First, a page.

claudio pistolesi

Soderling lifts first title of year, Clijsters back on form and Wozniacki laughs off criticism

*Swedish star Robin Soderling has paid tribute to new coach Claudio Pistolesi after overcoming Andy Roddick to win the Brisbane International 6-3, 7-5. The victory means that the Swedish No. 1 will climb above Andy Murray to No. 4 in the world and secures him the fourth seeding at the upcoming Australian Open. “We’ve only worked together for a couple of weeks, this is the first tournament, and it’s working pretty well, no?” said Soderling, who is looking to improve on a dismal record of never reaching the third round at Melbourne Park. “I’m playing really well and what makes me really happy is I never really played well in Australia before. It gives me a lot of confidence for Melbourne.” American star Roddick rued his inability to combat Soderling’s serve: “He served too well, it seemed like any time I had a look, he came up with one of those big serves,” said the American No. 1. “I’m normally at the other side and it’s better on that end of the serve.”

*Despite recent talk of a second retirement the Belgian Kim Clijsters has exploded on to the 2011 tennis calendar. In her opening match of the year at the Sydney International she took only 62 minutes to register a 6-1, 6-2 victory over the young Romanian Alexandra Dulgheru. The No. 3 seed won the first eleven points of the match and the first five games. “I was feeling very comfortable out there, said the three-time US Open winner. “It’s a nice feeling to have when you play your first match. I was really focused on trying to place my serves well and not give Alexandra a lot of second serves to attack. When I started back on the WTA I was working on my consistency – my best game was there but then I’d lose it for three or four games,” Clijsters added. “The last few months I’ve been focusing on that and reading myself better, and realizing when I lose that intensity, pick it up again as soon as possible.” Full reaction to the day’s play can be viewed at the WTA website.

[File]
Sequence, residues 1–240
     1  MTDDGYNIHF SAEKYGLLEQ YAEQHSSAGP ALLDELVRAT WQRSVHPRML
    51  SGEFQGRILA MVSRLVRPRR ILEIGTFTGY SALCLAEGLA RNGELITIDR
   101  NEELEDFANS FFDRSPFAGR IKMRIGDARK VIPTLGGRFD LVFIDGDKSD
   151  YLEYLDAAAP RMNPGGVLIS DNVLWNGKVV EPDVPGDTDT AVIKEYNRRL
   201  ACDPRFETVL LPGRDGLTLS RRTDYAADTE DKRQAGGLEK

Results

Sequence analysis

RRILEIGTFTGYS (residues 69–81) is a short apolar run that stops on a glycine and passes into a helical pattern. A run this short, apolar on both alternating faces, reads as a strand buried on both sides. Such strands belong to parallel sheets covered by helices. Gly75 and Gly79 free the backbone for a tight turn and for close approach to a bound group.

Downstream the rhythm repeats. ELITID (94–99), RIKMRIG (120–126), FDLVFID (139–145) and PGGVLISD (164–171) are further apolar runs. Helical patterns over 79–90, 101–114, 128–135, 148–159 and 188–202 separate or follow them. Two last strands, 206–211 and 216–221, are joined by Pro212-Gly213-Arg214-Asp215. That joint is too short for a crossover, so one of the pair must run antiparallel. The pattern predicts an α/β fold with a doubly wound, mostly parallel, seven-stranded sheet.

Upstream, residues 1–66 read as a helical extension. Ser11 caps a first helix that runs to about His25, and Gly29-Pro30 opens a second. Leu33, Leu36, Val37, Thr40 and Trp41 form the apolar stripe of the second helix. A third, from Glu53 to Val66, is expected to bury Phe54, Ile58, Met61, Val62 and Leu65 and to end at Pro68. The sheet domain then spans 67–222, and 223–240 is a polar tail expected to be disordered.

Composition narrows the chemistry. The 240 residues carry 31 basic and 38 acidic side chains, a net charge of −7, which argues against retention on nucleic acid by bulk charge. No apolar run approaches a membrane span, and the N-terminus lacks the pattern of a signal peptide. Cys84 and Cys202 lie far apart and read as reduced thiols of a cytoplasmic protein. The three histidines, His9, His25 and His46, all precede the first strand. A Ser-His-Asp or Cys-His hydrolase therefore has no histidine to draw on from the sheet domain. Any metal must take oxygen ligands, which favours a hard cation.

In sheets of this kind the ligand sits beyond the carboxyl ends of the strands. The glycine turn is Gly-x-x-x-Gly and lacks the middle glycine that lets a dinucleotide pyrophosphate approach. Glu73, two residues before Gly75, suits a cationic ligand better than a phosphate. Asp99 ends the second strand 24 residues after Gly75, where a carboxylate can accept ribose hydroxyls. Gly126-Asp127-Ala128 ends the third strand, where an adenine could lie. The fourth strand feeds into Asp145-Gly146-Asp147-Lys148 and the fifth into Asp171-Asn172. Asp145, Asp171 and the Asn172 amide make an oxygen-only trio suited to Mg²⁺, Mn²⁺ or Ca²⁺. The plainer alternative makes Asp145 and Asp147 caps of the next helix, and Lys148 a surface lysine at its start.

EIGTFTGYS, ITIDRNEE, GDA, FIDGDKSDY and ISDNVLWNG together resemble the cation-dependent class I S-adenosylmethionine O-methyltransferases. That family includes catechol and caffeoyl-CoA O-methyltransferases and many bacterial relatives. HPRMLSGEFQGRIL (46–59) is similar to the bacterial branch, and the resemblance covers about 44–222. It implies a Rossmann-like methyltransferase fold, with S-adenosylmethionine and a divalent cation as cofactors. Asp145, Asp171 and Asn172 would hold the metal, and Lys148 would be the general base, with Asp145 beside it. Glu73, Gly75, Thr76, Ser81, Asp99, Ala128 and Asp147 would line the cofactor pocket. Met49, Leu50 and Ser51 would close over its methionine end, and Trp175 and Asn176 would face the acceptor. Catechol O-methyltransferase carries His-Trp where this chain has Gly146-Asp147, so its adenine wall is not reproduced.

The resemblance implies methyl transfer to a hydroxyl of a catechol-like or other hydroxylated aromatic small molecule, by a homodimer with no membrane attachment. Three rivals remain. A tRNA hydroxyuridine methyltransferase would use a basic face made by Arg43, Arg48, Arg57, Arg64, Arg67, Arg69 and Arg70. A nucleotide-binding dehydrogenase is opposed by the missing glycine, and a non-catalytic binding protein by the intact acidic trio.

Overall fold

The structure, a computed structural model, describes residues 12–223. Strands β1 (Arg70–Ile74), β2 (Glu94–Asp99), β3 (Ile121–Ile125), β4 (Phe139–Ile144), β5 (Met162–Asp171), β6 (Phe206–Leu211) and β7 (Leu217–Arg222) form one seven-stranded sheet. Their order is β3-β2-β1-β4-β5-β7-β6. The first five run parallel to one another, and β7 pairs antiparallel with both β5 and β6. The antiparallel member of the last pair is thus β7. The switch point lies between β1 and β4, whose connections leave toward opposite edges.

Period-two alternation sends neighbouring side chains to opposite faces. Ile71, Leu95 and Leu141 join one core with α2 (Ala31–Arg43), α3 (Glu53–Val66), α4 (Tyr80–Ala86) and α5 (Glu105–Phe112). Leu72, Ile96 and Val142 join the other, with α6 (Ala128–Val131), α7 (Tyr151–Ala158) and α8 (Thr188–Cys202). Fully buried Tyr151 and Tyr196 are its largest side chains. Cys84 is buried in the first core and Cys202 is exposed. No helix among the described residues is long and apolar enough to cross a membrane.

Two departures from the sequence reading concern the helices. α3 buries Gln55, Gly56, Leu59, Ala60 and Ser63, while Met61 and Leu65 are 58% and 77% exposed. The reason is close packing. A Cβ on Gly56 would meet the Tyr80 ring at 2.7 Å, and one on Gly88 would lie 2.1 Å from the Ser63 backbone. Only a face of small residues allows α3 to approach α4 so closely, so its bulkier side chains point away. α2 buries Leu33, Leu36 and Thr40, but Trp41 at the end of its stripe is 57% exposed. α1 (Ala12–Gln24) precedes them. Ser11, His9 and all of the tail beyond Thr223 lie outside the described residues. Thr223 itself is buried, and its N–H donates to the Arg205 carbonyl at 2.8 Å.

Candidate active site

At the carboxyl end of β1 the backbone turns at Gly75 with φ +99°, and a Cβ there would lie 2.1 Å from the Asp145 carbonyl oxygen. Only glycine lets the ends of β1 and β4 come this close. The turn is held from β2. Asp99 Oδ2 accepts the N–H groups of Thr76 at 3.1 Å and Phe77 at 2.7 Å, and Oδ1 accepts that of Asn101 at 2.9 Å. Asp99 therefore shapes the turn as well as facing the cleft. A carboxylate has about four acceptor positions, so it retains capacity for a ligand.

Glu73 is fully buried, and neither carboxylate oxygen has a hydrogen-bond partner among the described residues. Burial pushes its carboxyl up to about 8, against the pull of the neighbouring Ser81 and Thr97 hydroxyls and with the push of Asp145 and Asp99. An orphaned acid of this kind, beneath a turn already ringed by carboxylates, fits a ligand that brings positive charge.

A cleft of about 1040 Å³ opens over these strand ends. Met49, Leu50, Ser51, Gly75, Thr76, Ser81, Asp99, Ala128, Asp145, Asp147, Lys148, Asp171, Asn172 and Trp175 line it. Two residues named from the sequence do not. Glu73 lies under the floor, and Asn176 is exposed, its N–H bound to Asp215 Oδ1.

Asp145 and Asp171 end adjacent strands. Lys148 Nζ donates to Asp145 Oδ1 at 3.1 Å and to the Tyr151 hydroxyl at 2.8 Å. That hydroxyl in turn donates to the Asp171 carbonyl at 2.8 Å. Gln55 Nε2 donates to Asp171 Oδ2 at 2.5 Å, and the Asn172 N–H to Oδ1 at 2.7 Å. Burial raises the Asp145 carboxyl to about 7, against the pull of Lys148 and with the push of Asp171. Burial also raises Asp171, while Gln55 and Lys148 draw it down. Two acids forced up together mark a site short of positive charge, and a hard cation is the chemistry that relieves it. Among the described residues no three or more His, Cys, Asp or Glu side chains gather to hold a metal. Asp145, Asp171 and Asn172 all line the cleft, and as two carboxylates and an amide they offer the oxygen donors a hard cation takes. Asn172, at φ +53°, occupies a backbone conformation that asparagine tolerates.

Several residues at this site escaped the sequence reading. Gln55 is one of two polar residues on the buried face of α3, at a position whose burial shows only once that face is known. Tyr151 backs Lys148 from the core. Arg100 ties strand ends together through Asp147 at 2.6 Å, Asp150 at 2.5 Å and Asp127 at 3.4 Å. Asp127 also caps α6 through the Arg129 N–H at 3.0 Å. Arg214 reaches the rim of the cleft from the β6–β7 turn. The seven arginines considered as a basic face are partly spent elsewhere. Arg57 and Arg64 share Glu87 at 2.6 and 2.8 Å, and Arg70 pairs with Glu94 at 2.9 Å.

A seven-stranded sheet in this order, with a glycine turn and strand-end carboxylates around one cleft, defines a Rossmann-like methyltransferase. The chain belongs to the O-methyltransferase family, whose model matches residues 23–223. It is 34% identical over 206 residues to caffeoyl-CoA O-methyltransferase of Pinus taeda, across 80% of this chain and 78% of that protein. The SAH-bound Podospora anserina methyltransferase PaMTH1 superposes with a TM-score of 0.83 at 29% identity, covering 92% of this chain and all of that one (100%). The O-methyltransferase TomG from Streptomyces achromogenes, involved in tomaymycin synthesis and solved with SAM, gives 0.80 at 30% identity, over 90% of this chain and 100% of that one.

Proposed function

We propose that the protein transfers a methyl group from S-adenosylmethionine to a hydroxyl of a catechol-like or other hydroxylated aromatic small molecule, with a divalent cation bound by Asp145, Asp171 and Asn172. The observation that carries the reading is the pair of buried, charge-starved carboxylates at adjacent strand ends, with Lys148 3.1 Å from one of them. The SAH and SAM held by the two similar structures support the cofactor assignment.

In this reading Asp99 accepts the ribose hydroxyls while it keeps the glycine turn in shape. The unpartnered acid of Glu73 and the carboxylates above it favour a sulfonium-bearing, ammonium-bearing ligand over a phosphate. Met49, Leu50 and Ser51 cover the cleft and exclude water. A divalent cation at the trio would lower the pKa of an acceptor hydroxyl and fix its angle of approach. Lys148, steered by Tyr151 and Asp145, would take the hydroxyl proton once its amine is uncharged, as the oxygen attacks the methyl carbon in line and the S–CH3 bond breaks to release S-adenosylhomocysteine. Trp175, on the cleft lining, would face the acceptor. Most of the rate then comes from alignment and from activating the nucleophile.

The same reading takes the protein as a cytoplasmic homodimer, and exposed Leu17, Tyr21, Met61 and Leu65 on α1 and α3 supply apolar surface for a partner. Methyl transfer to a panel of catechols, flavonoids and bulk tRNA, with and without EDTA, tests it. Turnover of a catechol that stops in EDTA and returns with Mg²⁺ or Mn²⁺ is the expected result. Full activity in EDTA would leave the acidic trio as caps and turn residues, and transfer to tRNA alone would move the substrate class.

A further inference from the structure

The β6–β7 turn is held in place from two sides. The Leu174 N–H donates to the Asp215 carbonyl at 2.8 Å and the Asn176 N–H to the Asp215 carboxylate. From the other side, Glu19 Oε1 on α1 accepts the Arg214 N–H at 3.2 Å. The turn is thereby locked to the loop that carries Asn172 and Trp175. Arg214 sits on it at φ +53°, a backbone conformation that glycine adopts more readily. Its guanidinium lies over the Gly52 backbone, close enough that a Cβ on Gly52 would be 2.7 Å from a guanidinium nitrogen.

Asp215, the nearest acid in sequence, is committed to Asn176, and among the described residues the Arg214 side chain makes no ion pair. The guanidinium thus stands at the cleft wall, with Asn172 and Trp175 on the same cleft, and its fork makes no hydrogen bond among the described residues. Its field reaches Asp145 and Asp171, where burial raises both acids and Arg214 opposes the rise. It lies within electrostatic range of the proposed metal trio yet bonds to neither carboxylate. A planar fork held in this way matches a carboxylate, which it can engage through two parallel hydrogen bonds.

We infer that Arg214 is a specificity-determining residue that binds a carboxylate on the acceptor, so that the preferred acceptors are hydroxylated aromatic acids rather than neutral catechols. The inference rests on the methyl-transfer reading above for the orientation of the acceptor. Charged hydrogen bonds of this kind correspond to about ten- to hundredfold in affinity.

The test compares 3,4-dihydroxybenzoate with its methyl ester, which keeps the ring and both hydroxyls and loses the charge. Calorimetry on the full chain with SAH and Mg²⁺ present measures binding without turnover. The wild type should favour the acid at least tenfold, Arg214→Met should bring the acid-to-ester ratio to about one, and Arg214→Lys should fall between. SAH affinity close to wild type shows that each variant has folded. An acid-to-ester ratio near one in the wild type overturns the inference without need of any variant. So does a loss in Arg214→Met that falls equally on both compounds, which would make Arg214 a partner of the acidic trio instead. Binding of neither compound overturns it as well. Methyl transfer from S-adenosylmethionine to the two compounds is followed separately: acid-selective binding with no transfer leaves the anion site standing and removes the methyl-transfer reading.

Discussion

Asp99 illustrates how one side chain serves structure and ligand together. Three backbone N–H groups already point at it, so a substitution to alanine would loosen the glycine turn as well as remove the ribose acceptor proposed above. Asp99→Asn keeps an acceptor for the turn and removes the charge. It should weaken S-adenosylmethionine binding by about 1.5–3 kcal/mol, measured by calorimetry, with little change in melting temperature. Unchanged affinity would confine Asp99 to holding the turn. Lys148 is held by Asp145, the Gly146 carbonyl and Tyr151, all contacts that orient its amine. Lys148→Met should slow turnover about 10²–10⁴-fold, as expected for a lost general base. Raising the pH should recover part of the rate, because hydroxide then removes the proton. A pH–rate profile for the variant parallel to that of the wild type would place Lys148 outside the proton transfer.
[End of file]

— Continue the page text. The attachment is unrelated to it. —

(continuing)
*World No. 1 Caroline Wozniacki has laughed off criticism after being stunned by Dominika Cibulkova in the second round in Sydney. “You need to learn from the losses,” said the 20-year-old, who is aiming to break her Grand Slam duck in Melbourne. “I’m confident for Melbourne I’ll be OK, there are positives I can take.” It was Cibulkova’s first win over the dominant Wozniacki in six attempts. And the Dane admitted there was room for improvement: “At the start of the new season you need to get into match play. I didn’t feel I was playing great tennis out there,” Wozniacki added. “Now I just need to get some training matches, head to Melbourne and get ready for the Australian Open. Last year I had the same start, so hopefully slow start, good finish.” The young Cibulkova was understandably delighted: “I think I’ve beaten No.2, No.3, No.4, No.5 and everybody, just not No.1,” said the Slovakian. “So I’m really happy about it. The most important thing today was I went on the court and saw myself like a winner from the first point until the last point. So it wasn’t a surprise for me – I just played my game. I had my plan. I knew it was going to work if I just stuck to my plan.” Full reaction can be seen at the WTA website.